Post Ramadhan Reflections



Assalamu aleikum,

Ramadhan came too quickly and went by in that same fashion. I was excited about Ramadhan like no other years masha’Allah. While my coworkers worried for me and the baby I was like, I’m on cloud nine people. I’m truly ok and happy. Don’t worry about me. I had a good spirit before it started and during the month alhamdullilah. This could be because I have a full family of my own now. It could be the result of Allah’s blessings. Either way, I felt blessed and glowing with love and renewed spirituality.

This time around, even though I’m a good planner at everything I do in life. I decided not to aim too high this past Ramadhan because nothing is guaranteed no matter how much we want to forecast things. If I learned one thing from motherhood is that keeping up full designed plans is a DAUNTING task! You’ll find yourself accomplishing things when you least expect it. Things just shape up as you go with the power of dua of course.

So it wasn’t until the second day or third day or so of Ramadhan that an idea hit me; reading the whole Quran in that holy and blessed month. For the longest time, I had mixed feelings about reading our book in French or English. I always thought that if you want to get the full benefit, just go Arabic. I would twist my face in disapproval every time someone would even think about reading in any other language besides Arabic. But then I realized that my opinion was half cooked. Half cooked because we all quote verses of the Quran day and night and when it comes to reading the whole thing in that same language, we frown. Then, it just didn’t make sense to me why it would be acceptable to quote it in one language and not read it wholly in that same language.

Anyways, I promised myself that I would give it a shot. So I looked up the different juz (parts) of the Quran, printed it and went for it. As a kid, we would listen to the whole recitation in our home. The tape recorder would play the verse in Arabic first then quote the transliteration (especially during the holy month). We even memorized some parts because we played the whole Quran so much. Remember there is no exact translation of the word of Allah. Only Arabic is true in this sense. The rest is a bunch of interpretations that seek to come close to the true meaning.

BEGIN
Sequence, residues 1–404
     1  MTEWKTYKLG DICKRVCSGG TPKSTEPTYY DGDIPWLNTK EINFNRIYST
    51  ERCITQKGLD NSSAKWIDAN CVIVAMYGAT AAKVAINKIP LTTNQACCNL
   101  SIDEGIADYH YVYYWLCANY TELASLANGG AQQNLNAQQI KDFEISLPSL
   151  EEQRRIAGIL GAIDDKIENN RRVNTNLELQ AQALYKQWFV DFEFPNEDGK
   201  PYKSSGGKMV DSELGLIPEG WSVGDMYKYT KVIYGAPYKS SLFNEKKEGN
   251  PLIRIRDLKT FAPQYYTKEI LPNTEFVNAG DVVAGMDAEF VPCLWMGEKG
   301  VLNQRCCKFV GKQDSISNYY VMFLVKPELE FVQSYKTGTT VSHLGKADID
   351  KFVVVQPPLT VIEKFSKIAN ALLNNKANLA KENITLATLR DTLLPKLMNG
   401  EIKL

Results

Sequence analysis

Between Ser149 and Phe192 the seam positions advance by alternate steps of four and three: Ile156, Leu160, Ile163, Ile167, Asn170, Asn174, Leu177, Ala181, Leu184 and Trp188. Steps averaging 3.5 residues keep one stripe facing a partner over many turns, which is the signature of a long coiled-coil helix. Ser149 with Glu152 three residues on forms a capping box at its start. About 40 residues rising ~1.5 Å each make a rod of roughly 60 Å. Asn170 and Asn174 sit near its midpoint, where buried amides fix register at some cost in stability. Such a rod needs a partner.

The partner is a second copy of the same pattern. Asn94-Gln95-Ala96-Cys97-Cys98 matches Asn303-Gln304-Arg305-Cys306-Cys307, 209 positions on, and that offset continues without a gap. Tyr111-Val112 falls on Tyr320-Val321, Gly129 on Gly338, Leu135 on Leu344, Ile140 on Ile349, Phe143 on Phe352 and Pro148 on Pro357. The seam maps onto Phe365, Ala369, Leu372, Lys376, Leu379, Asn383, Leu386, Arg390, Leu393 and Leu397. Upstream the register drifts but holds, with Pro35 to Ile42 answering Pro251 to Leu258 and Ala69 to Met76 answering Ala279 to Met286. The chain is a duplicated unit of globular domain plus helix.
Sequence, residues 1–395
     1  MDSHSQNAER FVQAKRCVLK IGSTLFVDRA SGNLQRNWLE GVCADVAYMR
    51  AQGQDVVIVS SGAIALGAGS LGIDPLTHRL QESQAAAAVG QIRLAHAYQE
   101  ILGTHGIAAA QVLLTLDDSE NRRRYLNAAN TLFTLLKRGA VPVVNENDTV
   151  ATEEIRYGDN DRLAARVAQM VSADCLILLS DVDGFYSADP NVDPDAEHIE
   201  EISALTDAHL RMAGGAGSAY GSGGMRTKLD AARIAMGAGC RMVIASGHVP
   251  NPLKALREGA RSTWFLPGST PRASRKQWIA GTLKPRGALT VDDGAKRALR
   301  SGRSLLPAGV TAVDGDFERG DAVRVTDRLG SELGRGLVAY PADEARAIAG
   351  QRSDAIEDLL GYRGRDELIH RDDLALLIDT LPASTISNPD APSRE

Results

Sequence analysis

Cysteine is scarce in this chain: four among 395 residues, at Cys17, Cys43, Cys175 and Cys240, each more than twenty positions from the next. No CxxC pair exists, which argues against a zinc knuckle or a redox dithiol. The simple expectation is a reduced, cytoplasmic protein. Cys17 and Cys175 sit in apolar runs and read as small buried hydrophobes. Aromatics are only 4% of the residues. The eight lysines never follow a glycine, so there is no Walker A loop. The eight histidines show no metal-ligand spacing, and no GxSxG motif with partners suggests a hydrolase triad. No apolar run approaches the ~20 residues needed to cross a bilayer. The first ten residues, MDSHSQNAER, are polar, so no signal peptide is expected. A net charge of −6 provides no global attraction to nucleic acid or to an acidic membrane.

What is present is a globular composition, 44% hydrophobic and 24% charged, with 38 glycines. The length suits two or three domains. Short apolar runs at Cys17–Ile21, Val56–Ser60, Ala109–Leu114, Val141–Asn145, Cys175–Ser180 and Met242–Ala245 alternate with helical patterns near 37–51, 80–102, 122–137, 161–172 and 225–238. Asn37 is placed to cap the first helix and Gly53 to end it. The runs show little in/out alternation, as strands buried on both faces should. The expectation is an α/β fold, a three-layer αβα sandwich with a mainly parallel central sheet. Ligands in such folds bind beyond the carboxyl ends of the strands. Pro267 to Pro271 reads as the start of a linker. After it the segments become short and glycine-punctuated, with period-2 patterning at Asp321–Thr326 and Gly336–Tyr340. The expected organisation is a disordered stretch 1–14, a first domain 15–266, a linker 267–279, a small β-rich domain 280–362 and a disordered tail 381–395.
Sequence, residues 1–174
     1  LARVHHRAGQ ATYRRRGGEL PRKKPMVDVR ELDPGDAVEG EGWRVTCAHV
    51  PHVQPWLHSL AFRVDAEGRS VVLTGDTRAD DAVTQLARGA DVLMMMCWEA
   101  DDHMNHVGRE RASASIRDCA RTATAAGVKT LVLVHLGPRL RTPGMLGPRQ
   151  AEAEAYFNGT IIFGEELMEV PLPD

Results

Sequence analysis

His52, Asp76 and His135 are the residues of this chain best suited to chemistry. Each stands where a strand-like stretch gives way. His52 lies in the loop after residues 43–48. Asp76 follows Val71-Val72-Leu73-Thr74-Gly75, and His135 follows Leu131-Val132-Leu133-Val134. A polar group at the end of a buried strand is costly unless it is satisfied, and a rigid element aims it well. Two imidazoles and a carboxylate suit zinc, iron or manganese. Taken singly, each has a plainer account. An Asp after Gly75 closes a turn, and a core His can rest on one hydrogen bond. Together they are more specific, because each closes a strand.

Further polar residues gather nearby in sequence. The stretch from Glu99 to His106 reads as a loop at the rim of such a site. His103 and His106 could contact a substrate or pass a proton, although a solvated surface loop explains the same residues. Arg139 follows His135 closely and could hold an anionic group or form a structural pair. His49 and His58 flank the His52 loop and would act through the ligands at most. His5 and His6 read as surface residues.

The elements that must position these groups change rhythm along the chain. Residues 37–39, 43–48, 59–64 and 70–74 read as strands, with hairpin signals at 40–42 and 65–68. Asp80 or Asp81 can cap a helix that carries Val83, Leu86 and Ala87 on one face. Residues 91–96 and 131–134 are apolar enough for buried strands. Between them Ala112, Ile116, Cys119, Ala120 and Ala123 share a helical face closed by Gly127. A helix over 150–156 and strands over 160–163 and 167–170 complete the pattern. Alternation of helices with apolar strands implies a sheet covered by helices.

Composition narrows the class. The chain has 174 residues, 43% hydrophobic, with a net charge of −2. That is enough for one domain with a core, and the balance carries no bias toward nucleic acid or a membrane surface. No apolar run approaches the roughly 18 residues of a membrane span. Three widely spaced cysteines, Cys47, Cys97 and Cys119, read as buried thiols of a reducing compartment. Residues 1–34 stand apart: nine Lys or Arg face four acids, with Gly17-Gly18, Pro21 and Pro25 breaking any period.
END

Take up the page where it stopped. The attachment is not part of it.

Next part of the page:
Every day during this past Ramadhan, I would diligently read a part in French, English, or Arabic, and take notes. When I came to surahs I knew by heart, I would read those in both Arabic and transliterated formats. I did good for the first half of the month until July 4th weekend came and we went out of town as a family. Then it was challenge to keep up with the daily parts. As soon as we came back, I buckled down and got back on track, alhamdullilah. And on day 29, I was proud to say that I read all 30 juz of the Quran masha’Allah. I figured I read so many books and it wasn’t fair I hadn’t read the Quran for myself yet. Ridiculous right? Now, that’s over, I can resume to read it in Arabic with no pressure. I started reading it slowly in Arabic after the month has ended and I’m still on Surah 2. My guess is that I’ll be there for a while as I try to read a page a day. Because it was easy during Ramadhan to be diligent with the reading, I hope and pray I can live up to my goals post Ramadhan.

Now, I have proof of stories that were told to me by my mom and husband. I’m an avid listener of stories if you didn’t know ;). I have been since I was a child and my grandma can testify as she is a great storyteller. Anyways, my mom and hubby didn’t even know some of the stories they all told me were in the Quran until I told them and gave them the references excitedly (But they have an advantage, they can read Arabic without any difficulty).

So, don’t let other people do your thinking for you when it comes to religion. Ikra! Find the knowledge and even if you have to read the Quran in another format once in your life, do it! I’m newly enlighten. Now, be careful of your naf whispering blaspheming thoughts in your ears as you read. It’s inevitable. It’s probably the reason, reading the Quran in other formats than Arabic is very discouraged because there is a chance you can turn and become kufar. Allah can gloat, be arrogant. He says it in the Quran and He can because we’re all his servants. He can do anything he desires. Our job is to be humble and submitted. It’s not our place to be full of kabir. Enough ‘talking’ now.

Above all, my Ramadhan was great alhamdullilah. How was yours? A failed one is perfectly ok. It means you tried.

Jazak’Allah khair for reading,

Papatia Feauxzar

About Papatia

Papatia Feauxzar is an Author and Muslim Publisher who holds a Master's degree in Accounting with a concentration in Personal Finance. She now works from home at alhamdullilah. You can visit her website at or her sister's website
This entry was posted in Ramadan, Ramadhan and tagged . Bookmark the permalink.

4 Responses to Post Ramadhan Reflections

  1. Fatmawaty says:

    Alhamdulillah, lovely to read your great Ramadan, sister! Mine too, insha’Allah! 😍

    Liked by 1 person

  2. A writer from the East says:

    It is just great to read your post sister. There is no such thing as failure until we try try and try again to get it through and I completely agree on how we must FOCUS on “don’t let other people do your thinking for you when it comes to religion.”
    This is so important and Ramadan is just such a personal time between Allah SWT and US- the creations.

    Liked by 1 person

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